Tom Voyce’s style appears to have a strong resemblance to the work of the early 20th century American artist Edward Hopper. In fact, there is a book about Hopper’s paintings in the gallery nearby. Hopper was intensely interested in architecture, and captured the way that architecture could frame a scene as well as any picture frame could. He also was able to capture little moments in life in an almost cinematic way, with all the drama and mood captured in one frame. Voyce’s work also emerges from the American Modernism of the 1960’s where artists like Diebenkorn and De Kooning tried to capture the visual experience of the three-dimensional world into the concept of flat painting. His work has an American feel to it in this way, but he goes beyond the ‘American Master’ because his work has a different abstract quality to it.

Tom Voyce, 'House in Brisbane', 2019. Oil on Board. Image courtesy of Fletcher Gate Art Gallery.

His paintings are like post cards from trips, this plays to the theme of In Transit. Post cards are like mementos and his work very much has a reflective, dream like feel to it. This addresses the question of why someone might choose to paint a scene. For Voyce, it is about capturing a moment or feeling in a particular time and place. He reminds us of how places have a special feeling attached to them, both in terms of their ambiance and general appearance, but also as somewhere with specific memories attached to it. In this way, Voyce's work goes beyond mere representation of a scene, he instead wants to capture a feeling of time, place and memory and share that with the viewer.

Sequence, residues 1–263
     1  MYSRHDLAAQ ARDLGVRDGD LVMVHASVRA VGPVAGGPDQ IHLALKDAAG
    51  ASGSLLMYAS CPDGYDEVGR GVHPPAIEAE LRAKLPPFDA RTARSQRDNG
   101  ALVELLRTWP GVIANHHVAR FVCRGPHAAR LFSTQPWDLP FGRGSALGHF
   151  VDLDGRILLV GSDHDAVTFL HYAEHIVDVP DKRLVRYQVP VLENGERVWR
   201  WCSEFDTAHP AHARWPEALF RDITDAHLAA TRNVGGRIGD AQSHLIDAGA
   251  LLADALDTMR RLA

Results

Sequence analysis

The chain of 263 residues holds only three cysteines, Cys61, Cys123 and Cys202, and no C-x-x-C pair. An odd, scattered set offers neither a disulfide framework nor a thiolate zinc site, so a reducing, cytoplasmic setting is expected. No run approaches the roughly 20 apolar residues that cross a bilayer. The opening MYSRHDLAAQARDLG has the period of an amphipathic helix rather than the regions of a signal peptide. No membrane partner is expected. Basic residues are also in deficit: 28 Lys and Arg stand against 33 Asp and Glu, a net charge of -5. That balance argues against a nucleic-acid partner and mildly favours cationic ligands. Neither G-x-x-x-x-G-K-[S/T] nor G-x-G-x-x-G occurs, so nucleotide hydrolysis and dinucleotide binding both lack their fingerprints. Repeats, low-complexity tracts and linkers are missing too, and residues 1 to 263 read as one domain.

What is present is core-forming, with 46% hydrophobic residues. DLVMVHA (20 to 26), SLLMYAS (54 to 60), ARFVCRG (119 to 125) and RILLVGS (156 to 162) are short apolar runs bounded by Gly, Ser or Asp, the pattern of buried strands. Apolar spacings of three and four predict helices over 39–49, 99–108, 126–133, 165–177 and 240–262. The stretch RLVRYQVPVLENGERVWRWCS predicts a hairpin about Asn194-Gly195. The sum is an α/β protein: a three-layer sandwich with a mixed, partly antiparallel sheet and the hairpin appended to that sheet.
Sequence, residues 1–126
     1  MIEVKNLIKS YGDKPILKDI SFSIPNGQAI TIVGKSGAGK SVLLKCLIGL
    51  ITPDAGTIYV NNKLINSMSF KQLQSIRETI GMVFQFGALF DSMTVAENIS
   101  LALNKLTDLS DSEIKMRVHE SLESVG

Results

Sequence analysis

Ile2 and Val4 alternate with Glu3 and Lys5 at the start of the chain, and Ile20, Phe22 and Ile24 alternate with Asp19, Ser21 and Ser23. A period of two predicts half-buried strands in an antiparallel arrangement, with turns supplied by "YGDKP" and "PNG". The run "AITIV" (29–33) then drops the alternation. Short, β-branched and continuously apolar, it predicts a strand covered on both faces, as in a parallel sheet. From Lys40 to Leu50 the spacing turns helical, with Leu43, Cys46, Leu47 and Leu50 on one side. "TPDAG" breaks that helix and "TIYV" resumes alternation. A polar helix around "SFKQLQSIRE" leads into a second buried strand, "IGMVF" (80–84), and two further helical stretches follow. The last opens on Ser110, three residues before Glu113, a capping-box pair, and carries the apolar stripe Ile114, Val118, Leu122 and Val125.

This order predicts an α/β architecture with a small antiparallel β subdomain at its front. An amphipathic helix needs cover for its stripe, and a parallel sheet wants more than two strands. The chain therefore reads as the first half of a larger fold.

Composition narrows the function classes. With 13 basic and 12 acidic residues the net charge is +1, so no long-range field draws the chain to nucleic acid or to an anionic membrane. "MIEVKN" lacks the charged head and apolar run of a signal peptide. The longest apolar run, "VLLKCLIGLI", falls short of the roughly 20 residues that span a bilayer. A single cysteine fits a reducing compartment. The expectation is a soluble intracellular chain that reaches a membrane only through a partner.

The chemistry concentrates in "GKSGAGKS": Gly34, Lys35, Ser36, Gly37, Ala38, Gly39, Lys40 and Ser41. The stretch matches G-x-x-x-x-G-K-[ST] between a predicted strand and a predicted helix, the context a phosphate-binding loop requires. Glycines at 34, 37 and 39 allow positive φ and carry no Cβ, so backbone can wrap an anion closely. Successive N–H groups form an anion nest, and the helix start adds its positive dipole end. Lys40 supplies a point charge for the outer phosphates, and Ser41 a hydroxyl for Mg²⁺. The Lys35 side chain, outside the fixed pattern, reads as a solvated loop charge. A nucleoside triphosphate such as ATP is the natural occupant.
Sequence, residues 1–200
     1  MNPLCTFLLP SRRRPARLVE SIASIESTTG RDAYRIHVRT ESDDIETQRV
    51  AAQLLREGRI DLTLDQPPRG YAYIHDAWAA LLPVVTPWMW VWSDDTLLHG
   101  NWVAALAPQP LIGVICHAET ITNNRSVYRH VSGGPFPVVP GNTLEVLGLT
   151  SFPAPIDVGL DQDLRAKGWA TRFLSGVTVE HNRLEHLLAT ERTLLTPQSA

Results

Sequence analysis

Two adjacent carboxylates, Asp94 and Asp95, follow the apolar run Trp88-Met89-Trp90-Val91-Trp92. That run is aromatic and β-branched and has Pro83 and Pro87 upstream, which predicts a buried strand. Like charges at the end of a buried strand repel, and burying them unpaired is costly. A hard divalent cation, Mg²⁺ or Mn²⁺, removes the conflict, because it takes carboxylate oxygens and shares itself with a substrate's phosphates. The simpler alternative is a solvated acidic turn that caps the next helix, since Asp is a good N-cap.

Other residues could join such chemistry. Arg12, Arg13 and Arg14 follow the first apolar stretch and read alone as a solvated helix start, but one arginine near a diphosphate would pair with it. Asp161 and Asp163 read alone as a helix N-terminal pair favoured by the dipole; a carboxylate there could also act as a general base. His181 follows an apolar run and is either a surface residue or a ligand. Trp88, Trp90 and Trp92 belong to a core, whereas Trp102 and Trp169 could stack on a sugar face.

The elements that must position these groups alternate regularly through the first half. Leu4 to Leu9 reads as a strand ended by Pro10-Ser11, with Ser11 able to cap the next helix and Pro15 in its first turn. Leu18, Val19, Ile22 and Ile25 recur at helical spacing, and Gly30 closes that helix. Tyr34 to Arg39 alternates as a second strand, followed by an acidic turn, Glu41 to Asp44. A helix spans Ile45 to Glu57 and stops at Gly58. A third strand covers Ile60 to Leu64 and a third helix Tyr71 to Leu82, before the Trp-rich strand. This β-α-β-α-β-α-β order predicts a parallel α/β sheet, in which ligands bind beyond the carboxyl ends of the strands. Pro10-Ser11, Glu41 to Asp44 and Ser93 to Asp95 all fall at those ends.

[Voyce] reminds us of how places have a special feeling attached to them, both in terms of their ambiance and general appearance, but also as somewhere with specific memories attached to it.

The show has a self awareness to it, with a reflection on its own constructed qualities, but it also brings a self awareness to the viewer, and this is its merit. It raises questions of where we are as a society, and how we judge ourselves. It left numerous hanging questions to reflect upon. Questions about how we might think about the time we have spent during COVID-19 restrictions, questions of what our values are as a society and the deeper personal question of how we are to reflect upon memories. Tom Voyce ties memories to places, but of course, many people have not been able to travel, so Voyce's work perhaps suggests a way of using mementos like post cards or physical objects to tie memories to. Introspection has certainly been a dominant psychological state during lockdowns, and the work has touched upon this very strongly so is very timely and profound. Many people have built memories within social media and the imagery involved in that. As art galleries open again, we are asked to reflect on this and are also able to reconnect with the physical world and its real imagery.

The Magic Four is currently on view at Fletcher Gate Art Gallery.